Over 400 people died in one day in Germany as a result of COVID-19, marking a new grim record. But what does the death toll mean in the bigger picture of the country's pandemic? DW Fact Check reports.
The number of new coronavirus infections in Germany began rising sharply in early October. Since mid-November, after the country implemented partial lockdown restrictions, the numbers have plateaued or slightly decreased — with daily upward and downward swings. However, the overall infection level remains high.
Significantly more people in Germany have recently become infected with COVID-19, and the total number since the outbreak of the pandemic at the beginning of the year is approaching the million mark.
For weeks, experts have warned that cases of severe illness and deaths will follow the increase in new infections with a time lag. For example, the head of the German Hospital Federation, Gerald Gass, predicted to Bild newspaper on November 2: "In two to three weeks we will exceed the maximum number of intensive care patients from April."
He was right: As of November 25, 3,781 COVID-19 patients are undergoing intensive care treatment in Germany; the April peak was 2,850 patients. The report of the Robert Koch Institute (RKI), Germany's public health institute, and the German Interdisciplinary Association for Intensive Care and Emergency Medicine (DIVI) shows a clear trend: The availability of intensive care beds continues to shrink.
For Ralf Krumkamp, from the German Center for Infection Research, the relation between the number of infections and deaths in Germany is clear. "The rising death figures are delayed in relation to the case numbers. Currently, the number of infections is rising among the over-80s. So it is quite possible that we will observe a further increase in death rates," Krumkamp told DW.
Studies have shown there is a higher mortality risk among the elderly. A recent study led by Yale University researchers found that the mortality rate among those aged 65 or older was 62 times higher than those under the age of 55.
This depends on which figures are used. Measured in terms of new infections, the second wave is much more serious than the first. During the first wave, the figures climbed to 6,000 cases per day, while the second wave reached an estimated 23,000 cases on some days.
However, the testing rate needs to be considered when weighing the figures. In the spring, around 300,000 to 400,000 COVID-19 tests were carried out per week in Germany, whereas recently, between 1.2 and 1.7 million tests have been administered per week. The number of unreported cases is likely to have been significantly higher in spring.
When looking at the death toll, the picture is somewhat different. Daily deaths are now only reaching the peak of the first wave. Although 410 COVID-19 patients died in Germany on November 25, a new daily record, the 14-day mean value shows a course similar to that of the first wave.
With the figures currently available, the answer is no. The proportion of people infected with COVID-19 who have died is currently lower than in the spring. For example, in mid-April, the RKI still registered a fatality rate of 6.98%. At the end of October 2020, the figure was 0.94%, which is significantly lower.
However, this assessment could change.According to the RKI, the mortality data available for November is not set in stone, as the total COVID-19 figures from recent weeks remain unclear.
With regard to the fatality rate, however, one should bear in mind that it is related to the total number of recorded infections, which has increased with expanded testing. But even against this backdrop, the mortality rate is lower than compared to the spring. This could be attributed to the better protection of groups vulnerable to the coronavirus.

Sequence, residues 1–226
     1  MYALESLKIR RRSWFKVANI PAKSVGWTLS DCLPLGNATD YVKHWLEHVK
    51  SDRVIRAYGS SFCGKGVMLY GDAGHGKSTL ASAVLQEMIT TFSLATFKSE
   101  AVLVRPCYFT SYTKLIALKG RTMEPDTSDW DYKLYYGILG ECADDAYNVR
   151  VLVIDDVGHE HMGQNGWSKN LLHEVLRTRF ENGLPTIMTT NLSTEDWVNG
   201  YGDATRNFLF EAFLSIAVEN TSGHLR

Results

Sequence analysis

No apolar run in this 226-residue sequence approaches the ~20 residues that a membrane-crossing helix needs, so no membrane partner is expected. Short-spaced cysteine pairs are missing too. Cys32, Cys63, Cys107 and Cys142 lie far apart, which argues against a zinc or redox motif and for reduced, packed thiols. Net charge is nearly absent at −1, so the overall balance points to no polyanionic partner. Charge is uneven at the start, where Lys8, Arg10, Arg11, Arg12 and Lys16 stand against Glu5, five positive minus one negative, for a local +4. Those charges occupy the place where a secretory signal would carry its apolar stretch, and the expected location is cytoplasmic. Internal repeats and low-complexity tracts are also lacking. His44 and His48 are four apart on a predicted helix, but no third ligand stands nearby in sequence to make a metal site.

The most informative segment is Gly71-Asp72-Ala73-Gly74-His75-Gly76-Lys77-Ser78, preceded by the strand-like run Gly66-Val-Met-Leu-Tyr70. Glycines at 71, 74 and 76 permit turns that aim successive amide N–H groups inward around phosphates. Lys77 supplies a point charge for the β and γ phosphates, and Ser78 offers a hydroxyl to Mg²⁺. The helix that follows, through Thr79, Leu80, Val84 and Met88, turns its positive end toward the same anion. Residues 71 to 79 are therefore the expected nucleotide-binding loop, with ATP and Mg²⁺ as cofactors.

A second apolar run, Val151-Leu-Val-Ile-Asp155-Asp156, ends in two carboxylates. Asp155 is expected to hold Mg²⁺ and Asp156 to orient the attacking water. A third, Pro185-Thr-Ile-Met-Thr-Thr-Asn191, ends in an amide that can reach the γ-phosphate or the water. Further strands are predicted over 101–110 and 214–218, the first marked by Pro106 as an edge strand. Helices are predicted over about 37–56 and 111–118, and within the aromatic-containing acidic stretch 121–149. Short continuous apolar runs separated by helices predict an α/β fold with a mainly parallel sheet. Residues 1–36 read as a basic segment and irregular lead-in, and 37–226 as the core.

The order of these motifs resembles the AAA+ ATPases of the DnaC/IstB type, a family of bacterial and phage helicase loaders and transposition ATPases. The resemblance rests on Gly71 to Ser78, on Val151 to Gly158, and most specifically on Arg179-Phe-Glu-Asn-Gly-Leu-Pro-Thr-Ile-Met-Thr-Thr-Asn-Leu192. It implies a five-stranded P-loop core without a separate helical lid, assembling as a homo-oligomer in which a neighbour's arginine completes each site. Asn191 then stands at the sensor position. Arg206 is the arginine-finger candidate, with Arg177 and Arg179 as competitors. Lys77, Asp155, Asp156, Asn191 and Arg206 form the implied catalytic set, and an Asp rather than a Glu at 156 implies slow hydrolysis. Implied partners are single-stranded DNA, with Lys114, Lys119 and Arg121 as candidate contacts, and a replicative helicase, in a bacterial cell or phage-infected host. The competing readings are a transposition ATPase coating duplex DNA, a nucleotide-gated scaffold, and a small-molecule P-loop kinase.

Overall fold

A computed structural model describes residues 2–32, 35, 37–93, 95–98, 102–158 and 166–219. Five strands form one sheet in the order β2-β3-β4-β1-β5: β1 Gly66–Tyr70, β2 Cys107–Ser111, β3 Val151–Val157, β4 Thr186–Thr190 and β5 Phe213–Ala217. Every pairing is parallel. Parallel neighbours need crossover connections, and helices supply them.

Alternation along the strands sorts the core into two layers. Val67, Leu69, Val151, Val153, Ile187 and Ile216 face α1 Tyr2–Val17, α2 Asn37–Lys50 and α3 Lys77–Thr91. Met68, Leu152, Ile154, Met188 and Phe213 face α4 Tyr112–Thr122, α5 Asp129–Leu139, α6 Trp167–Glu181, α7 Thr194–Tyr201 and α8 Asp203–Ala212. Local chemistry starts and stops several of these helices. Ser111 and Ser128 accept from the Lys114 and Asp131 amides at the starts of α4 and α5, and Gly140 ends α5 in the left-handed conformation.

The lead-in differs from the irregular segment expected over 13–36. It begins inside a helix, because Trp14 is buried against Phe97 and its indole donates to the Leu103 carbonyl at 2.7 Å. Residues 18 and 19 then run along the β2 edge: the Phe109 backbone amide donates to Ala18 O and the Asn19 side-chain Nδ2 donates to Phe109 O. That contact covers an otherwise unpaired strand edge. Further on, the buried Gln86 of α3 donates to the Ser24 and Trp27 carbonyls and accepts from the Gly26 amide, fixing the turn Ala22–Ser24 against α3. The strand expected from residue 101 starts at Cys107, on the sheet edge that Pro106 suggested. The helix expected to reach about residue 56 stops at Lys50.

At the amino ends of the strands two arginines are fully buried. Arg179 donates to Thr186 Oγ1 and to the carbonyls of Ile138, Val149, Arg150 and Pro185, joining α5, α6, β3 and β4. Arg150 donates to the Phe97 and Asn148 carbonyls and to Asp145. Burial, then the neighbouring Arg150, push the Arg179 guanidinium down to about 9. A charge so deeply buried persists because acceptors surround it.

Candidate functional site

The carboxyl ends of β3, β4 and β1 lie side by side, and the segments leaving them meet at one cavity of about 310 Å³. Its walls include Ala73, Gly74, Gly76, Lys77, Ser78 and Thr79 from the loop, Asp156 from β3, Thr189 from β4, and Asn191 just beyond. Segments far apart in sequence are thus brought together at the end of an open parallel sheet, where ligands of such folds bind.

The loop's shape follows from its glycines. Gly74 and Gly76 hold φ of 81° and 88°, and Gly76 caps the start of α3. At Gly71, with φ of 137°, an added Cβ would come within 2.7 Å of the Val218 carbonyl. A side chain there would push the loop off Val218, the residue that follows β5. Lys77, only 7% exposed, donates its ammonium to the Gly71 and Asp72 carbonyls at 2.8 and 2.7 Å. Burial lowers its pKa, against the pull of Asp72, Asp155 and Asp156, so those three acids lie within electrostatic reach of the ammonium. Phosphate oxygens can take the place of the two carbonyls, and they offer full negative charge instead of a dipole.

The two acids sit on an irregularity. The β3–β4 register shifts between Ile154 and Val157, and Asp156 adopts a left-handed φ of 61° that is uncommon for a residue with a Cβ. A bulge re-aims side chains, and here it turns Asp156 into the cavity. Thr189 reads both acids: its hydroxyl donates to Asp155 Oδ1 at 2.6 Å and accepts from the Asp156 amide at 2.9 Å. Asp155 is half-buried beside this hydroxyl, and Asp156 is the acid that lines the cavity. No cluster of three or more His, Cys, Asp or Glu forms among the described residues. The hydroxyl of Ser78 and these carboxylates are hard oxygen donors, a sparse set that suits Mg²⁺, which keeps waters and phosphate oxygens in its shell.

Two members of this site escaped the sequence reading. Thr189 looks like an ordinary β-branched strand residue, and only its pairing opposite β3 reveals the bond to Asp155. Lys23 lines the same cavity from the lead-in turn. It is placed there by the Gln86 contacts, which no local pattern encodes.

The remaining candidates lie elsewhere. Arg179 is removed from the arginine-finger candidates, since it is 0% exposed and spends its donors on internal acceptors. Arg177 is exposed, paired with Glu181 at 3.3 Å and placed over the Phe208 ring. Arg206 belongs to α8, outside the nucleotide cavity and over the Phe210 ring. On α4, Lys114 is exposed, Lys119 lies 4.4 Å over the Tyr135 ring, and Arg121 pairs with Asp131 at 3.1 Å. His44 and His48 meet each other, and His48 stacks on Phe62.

The fact that the highest weekly death toll in absolute numbers during the second wave (1,045 fatalities during the week of October 26) is lower than that in the first wave (2,252 during the week of March 30) is a positive sign.
Yes. As in many other countries, more people will die in Germany in 2020 than in previous years. However, the data show completely different trends in individual European countries.
In Germany, there have been significantly fewer deaths during the pandemic thus far than in several other populous European countries. But here, too, the spread of the coronavirus has led to a clearly discernible excess mortality rate, or the number of all deaths exceeding the annual historical average at a given time.
According to Germany's Federal Statistical Office, more people died between the end of March and the beginning of May than in the same period in previous years. In early April, the deviation was 14% above the four-year average. Because the death toll is rising once again due to the coronavirus, mortality is currently slightly above the average of previous years.
It cannot be deduced from these figures that there was an unreported number of undetected COVID-19 cases between March and May beyond the recorded coronavirus deaths. The figures available so far from the second wave are not yet conclusive.
However, the trend becomes even clearer when looking at Europe. According to data from the European mortality monitoring (EuroMOMO) project, the recorded mortality for the continent in spring 2020 was far above its usual threshold and is again so at present.
A glance at the statistics from 26 European countries reveals stark differences. Nations such as Spain, France and Belgium have experienced increased excess mortality, while others, including Finland and Greece, have maintained normal mortality levels.
Data from the European Centre for Disease Prevention and Control (ECDC) also illustrate the varying coronavirus death rates. The answer to the question of whether more people are currently dying than usual therefore varies greatly from place to place.
This article was translated from German.